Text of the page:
Apr 19, 2012|
The birth of psychoanalysis, the friendship and schism between Carl Jung and Sigmund Freud, the influence of a beautiful, masochistic female patient on both men—David Cronenberg must have been jumping up and down when he found such juicy material for his new film. Helmer of such mind-bending thrillers as “Videodrome,” “Naked Lunch” and “The Fly,” the Canadian provocateur is known for his aggressive examinations of sex, violence and madness. So it’s a little strange that “A Dangerous Method,” though intelligent, wonderfully structured and perhaps Cronenberg’s most elegant and lucid work, is not as dangerous as expected.
Based on a play by screenwriter Christopher Hampton, which is itself drawn from John Kerr’s nonfiction book, the film is a commendably accurate recount of historical events. The story starts at the turn of the 20th Century, when 18-year-old Sabina Spielrein (Keira Knightley), a highly unstable Russian woman, is sent, by force, to a clinic in Zurich. The young hysteric is treated by Swiss psychologist Jung (Michael Fassbender), who finds in her a perfect patient with which to experiment in the then nascent and doubted Freudian method, the “talking cure.” The result is impressive: childhood memories are revealed, self-loathing and sexual frustrations are explained, and Spielrein not only regains basic functions, but also proves to be wickedly smart. With ambitions in becoming a psychiatrist herself, she begins working with Jung as an assistant.
Such positive progress inspires Jung to pay a visit to Freud (Viggo Mortensen) at his small Vienna home, where they meet for the first time. The young gun admires Freud’s vision, while the veteran sees Jung as the “crown prince” of his intellectual establishment. However, their mentorship and friendship turns sour over the next few years due to different beliefs and personalities, professional rivalry and the involvement of Spielrein, who emotionally falls for Jung but professionally stands by Freud. Persuaded by the hedonistic talks of Otto Gross (Vincent Cassel), an immensely charming patient and fellow psychiatrist sent to him by Freud, Jung—though married to aristocratic wife Emma (Sarah Gadon)—engages in a sexual affair with Spielrein. The breakup is, of course, messy; and just like Spielrein indirectly brought the two men together, she becomes the catalyst of their famous split.
Dreams, the essence of “the unconscious,” also plays a crucial role. On a trip together to America, after analyzing Jung’s recent dream, Freud refuses to share his dreams because he doesn’t want to jeopardize his “authority” by letting others into his head. And just when Freud dismisses Jung’s mythical interests and deems them a threat to their scientific credibility, Jung recalls a nightmare of carnage that’s mysteriously premonitory of the upcoming World War I.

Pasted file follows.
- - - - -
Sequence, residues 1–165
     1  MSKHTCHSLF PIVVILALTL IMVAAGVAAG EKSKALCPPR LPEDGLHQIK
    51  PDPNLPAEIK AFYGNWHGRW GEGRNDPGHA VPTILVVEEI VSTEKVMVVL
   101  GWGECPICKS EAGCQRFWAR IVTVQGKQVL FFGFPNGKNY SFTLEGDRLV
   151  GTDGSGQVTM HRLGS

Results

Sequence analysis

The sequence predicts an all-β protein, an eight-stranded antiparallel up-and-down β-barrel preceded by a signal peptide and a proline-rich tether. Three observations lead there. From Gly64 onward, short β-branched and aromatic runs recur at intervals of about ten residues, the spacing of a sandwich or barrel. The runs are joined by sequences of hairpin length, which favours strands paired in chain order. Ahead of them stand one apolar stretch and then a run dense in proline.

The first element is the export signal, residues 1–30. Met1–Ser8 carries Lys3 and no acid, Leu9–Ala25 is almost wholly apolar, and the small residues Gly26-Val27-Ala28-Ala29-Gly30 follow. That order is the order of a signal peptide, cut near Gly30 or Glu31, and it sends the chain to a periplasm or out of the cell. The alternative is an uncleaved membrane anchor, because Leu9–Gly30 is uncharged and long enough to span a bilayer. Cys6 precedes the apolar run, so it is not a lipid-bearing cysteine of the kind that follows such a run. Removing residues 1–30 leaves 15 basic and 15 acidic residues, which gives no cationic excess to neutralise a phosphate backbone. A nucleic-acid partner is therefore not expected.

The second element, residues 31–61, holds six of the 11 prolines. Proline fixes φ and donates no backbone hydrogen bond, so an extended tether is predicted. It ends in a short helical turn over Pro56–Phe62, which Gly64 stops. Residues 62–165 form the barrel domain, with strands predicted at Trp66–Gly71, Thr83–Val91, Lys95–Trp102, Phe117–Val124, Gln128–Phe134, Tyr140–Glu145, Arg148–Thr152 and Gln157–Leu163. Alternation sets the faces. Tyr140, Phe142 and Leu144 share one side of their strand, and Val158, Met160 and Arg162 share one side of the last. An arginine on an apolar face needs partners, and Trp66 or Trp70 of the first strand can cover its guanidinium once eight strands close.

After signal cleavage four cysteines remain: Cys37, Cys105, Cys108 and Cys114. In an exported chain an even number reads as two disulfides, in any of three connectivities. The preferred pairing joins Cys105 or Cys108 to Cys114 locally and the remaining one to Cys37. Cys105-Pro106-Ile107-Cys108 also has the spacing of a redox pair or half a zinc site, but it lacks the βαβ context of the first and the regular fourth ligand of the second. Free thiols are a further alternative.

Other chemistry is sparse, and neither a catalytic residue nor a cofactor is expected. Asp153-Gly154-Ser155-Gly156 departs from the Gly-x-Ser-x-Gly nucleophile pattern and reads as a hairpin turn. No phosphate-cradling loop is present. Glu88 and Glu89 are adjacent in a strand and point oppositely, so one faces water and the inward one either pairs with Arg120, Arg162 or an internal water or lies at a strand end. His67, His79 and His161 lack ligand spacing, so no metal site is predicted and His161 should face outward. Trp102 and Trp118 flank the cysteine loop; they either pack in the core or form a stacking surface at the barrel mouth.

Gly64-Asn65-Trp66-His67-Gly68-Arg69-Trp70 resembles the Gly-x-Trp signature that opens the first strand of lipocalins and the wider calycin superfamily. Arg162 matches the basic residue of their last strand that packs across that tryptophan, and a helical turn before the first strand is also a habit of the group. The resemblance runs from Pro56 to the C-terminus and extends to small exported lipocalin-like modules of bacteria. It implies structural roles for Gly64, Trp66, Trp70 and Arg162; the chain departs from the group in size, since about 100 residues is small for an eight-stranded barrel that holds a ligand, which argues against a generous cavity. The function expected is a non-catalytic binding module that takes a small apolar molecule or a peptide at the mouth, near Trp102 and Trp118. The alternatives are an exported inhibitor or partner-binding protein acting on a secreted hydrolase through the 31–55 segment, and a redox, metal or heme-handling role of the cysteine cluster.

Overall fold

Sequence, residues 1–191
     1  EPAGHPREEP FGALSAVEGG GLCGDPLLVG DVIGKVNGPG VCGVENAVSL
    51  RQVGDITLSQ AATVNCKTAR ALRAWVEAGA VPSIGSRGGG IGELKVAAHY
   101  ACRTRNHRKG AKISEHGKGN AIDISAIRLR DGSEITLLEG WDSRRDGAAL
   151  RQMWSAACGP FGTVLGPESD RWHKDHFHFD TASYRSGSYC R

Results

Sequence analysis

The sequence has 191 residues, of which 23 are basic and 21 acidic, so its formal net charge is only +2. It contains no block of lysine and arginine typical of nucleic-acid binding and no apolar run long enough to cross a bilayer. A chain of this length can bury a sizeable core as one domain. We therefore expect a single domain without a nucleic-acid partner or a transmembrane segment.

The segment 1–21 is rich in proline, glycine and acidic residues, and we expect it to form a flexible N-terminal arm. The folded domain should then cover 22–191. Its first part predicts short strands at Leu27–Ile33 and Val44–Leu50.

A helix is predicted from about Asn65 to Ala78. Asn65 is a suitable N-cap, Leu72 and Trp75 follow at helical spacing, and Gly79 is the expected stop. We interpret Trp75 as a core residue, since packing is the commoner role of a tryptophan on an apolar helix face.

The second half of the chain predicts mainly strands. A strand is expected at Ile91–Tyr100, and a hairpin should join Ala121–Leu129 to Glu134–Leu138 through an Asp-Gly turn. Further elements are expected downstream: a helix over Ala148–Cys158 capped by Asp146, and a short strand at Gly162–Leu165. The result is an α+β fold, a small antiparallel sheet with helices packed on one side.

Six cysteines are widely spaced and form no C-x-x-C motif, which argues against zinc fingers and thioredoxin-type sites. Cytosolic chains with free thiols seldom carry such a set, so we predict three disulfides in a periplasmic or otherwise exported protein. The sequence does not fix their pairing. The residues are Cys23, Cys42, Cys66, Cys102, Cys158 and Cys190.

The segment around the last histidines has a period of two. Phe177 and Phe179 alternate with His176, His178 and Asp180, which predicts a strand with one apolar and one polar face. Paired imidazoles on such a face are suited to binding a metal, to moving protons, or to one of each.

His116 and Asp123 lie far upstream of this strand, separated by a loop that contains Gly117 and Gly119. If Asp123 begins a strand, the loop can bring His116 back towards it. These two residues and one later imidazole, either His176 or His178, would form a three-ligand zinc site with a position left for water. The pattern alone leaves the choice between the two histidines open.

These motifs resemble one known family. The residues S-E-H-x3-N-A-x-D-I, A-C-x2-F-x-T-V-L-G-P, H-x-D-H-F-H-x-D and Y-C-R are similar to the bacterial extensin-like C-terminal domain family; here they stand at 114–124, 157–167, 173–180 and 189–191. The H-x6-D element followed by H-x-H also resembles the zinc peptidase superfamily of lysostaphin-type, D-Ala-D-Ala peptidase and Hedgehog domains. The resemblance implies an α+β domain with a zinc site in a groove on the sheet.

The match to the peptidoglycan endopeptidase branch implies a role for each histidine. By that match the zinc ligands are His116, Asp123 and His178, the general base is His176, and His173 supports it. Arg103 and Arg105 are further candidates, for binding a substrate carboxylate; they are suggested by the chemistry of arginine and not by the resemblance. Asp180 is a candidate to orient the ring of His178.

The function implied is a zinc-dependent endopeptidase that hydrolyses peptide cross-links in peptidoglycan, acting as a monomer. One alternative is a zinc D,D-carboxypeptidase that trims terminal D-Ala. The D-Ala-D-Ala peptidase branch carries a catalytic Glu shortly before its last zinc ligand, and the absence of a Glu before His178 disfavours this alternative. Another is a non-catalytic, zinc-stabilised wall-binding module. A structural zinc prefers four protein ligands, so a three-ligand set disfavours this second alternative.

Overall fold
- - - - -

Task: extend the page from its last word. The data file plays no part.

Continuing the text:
Fassbender and Mortensen each submit a marvelous performance, bringing the two giants of modern psychology vividly to life. Wealthy, proper and restrained, Jung is constantly tormented by his regretful decisions, while the sex-obsessed, cigar-loving Freud is full of charisma, but is vain, self-righteous and even a little paranoid. Their interactions (some intense, some awkward), along with a scene-stealing Cassel as Gross, surprisingly offer a good amount of funny moments. In comparison, Knightley is arguably miscast in the double-sided role of Spielrein: her portrayal of the severely damaged patient—featuring a lot of jaw-jutting, for which I have to give her credit—is overdone, and the bright intellectual in her who’s able to make profound impact on great men such as Jung and Freud comes across as unconvincing.
But something that’s totally convincing is the period settings, which were designed by the director and crew with stunning precision, from the Merchant-Ivory-esque costumes to Freud’s office that was recreated from old photos. Oscar-winning composer Howard Shore and Cronenberg’s regular cinematographer Peter Suschitzky are also on fine form.
At only 99 minutes, some of the latent yet important topics in the film such as race and religion (Jung’s Protestant vs. Spielrein and Freud’s Judaism) are left half-explored. And compared to another Cronenberg film about psychosexual disorder, his controversial 1996 J.G. Ballard adaptation “Crash,” “Method” is rather sedate and staid in style. Though it makes sense that the classy subject matter calls for a departure from his signature body-horror aesthetics, it’s a shame that the edge, sensation and thrill in the fascinating history haven’t been fully brought to the screen. That said, “Method” remains a worthy watch of intrigue; and—let’s be honest—we all want to see a half-naked Knightley get spanked.